A proposed Responsible Contractor Ordinance for public construction projects in State College will wait until 2024 for consideration by a borough council that will have a majority of new members.

Council informally agreed during a work session on Monday night to postpone until next year further deliberations on the measure, which would establish new requirements for contractors to be eligible for borough-owned projects of $250,000 or more.

State law and the borough purchasing code require contracts to be awarded to the lowest responsible bidder but provide no guidance on how “responsible” should be defined. The RCO, which was first presented to Mayor Ezra Nanes and council President Jesse Barlow by the Seven Mountains Labor Council, aims to ensure worker safety and timely, cost-effective work on public projects.

It’s similar to the RCO adopted by Centre County Government in June, but absent the most contentious provisions that stirred controversy before the measure passed by a 2-1 vote of the Board of Commissioners.

Most notably, the county ordinance requires that 70% of the craft labor workforce on projects over $250,000 be journeypersons, workers who have completed a state- or federally-approved apprenticeship training or those currently enrolled in such an apprenticeship program. Opponents of the county RCO contended that would favor union shops and disqualify from bidding otherwise qualified non-union contractors who have years of experience and training.

That proposal was part of the labor group’s proposal to State College, but does not appear in the borough’s draft RCO because, according to Monday night’s agenda, State College, unlike the county, is a home rule municipality. Borough solicitor Terry Williams advised that the state legislation enabling home rule prohibits municipalities from “determining duties, responsibilities or requirements to be placed upon business, occupations and employers,” and including journeyman and apprenticeship requirements could leave the ordinance vulnerable to a challenge.

“It dictated certain specific requirements for apprenticeship programs and things of that nature that after reviewing and consulting with legal counsel that those would be in violation of the authority of the home rule statute,” Fountaine said at council’s Dec. 4 meeting, when the ordinance was first introduced.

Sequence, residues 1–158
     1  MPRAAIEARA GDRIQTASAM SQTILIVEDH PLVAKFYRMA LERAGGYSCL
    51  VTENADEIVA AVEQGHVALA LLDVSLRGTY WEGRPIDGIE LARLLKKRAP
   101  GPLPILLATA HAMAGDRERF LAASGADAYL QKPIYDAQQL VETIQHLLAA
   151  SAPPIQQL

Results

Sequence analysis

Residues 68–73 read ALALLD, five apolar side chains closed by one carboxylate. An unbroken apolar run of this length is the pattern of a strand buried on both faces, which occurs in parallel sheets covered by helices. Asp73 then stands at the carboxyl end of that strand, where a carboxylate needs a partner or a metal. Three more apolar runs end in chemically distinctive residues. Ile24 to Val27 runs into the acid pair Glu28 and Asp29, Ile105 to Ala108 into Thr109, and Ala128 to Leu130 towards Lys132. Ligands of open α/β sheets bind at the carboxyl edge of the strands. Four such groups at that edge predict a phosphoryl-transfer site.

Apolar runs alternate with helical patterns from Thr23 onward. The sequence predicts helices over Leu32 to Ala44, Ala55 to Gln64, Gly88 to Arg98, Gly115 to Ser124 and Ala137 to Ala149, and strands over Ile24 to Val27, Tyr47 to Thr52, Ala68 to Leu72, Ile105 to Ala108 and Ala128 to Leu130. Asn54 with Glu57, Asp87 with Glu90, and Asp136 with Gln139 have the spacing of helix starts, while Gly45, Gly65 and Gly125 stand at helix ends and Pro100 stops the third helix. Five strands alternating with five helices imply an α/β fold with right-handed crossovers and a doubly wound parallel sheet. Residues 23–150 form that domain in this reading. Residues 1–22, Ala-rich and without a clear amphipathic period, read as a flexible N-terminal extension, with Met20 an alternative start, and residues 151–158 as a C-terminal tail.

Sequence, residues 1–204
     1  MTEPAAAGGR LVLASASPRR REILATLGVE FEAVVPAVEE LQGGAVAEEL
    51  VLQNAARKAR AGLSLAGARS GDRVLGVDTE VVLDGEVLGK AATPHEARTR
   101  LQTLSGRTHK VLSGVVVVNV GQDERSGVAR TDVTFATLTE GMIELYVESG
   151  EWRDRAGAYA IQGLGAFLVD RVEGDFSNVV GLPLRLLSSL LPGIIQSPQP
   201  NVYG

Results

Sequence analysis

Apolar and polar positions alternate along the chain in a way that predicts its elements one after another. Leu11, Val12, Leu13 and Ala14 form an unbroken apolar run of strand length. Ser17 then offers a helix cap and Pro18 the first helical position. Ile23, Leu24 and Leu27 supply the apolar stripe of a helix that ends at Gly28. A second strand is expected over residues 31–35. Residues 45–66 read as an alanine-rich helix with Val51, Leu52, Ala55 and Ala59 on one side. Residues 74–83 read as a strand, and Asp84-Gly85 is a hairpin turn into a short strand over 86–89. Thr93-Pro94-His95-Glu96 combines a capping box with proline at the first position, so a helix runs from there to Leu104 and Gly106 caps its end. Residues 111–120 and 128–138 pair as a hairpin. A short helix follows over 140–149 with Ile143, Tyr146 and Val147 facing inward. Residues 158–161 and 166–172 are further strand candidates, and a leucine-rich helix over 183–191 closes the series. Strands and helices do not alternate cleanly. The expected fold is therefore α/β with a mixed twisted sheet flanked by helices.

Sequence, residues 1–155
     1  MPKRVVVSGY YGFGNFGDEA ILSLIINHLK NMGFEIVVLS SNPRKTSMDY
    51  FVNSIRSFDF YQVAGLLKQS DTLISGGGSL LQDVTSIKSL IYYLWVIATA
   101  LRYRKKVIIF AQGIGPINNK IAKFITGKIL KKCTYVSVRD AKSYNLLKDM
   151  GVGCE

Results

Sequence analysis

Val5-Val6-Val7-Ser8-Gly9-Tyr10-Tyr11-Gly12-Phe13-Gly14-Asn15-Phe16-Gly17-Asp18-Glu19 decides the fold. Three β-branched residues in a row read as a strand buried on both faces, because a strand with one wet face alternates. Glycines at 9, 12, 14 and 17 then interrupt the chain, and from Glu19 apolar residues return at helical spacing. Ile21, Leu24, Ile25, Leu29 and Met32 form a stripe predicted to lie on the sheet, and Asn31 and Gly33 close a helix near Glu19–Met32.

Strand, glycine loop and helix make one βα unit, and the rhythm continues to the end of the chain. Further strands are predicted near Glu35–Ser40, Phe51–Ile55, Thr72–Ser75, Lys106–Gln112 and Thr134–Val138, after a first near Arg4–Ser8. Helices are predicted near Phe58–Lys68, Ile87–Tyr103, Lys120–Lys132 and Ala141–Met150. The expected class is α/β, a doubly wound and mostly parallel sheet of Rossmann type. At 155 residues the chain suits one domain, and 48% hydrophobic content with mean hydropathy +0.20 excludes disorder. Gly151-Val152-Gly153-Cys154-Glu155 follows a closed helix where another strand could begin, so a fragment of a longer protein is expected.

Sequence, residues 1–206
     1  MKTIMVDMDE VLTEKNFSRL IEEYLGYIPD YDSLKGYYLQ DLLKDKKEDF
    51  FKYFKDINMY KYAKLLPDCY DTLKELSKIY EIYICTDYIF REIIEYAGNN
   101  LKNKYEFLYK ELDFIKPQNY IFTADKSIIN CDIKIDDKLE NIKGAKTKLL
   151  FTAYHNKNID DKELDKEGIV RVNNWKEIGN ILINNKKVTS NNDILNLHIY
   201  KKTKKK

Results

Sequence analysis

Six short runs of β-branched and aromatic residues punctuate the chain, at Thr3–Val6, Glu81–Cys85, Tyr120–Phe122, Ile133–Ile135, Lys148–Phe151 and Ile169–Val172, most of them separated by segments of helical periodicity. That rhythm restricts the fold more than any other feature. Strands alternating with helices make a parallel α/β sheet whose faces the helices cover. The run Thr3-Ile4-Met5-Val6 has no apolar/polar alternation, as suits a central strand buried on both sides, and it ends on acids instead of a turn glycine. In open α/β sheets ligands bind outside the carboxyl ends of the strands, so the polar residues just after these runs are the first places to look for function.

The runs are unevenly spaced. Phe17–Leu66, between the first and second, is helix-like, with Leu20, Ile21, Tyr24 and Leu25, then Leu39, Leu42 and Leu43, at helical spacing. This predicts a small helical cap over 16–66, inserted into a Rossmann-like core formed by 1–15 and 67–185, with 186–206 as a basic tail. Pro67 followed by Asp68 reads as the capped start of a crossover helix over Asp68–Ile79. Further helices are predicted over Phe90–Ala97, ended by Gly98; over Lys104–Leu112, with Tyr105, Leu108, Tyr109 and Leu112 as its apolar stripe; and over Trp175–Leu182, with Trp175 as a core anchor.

The proposed State College RCO would require all craft labor working on a borough project to have completed the Occupational Safety and Health Administration’s 10-hour safety training course for safety and at least one person with OSHA 30 training.

Among other proposed requirements contractors must certify that they will pay craft workers prevailing wage by the appropriate job classification. That extends to subcontractors and off-site custom fabrication for non-standard goods and materials for a project, the latter a requirement that received some pushback at the county level.

It also prohibits bids from being awarded to contractors who in the past 10 years have been convicted of a crime related to the contracting business or in the past three years had a contracting license or certificate revoked, been debarred or suspended by a government agency, defaulted on any project or been found in violation of any law applicable to their contracting businesses.

Council member Peter Marshall, who will not be on council in 2024, took exception to provisions that would disqualify contractors who have atoned for past violations and have a history of quality work, saying it “penalizes the municipality as much as anyone.”

“If they had done something wrong, and if you read this it could be minor, and had to step up and make it right, they would be disqualified and we would be penalized because we would go to the second bidder, which would be more expensive, maybe not as good,” Marshall said on Monday.

Some of the provisions are overly broad or vague, he said, suggesting that a questionnaire that could provide nuance and explanations would be more useful than the proposed self-certifications of listed requirements.

“It would give the council more basis for making a decision,” Marshall said. “I would not put all those limitations and say anyone of these violations disqualifies you. I think that staff should have more flexibility than that… I think some thought should be given to changing this so that it does give council, the staff more options to make choices rather than just the low bidder, give them more options in making decisions on who is qualified to do the job.”

Barlow, meanwhile, said he believes the ordinance should do more, citing six worker deaths at construction sites in Centre County since 2018.

“I personally think it doesn’t go far enough and doesn’t address the issues that caused the deaths of six workers in this area in the last few years,” Barlow said.

He added that the points raised by Marshall demonstrated that council was not ready to take the RCO to a vote.

If and when it does come up for consideration in 2024, the seven-member council will have four new members who were elected in November.

At least one of them has already voiced support for the RCO. Evan Myers, who will be returning to council after serving two previous terms, said at the Dec. 4 meeting that he is in favor of the RCO.

The post State College Council Pushes Proposed Responsible Contractor Ordinance to 2024 appeared first on StateCollege.com.

Leave a Reply

Your email address will not be published. Required fields are marked *

You may use these HTML tags and attributes:

<a href="" title=""> <abbr title=""> <acronym title=""> <b> <blockquote cite=""> <cite> <code> <del datetime=""> <em> <i> <q cite=""> <s> <strike> <strong>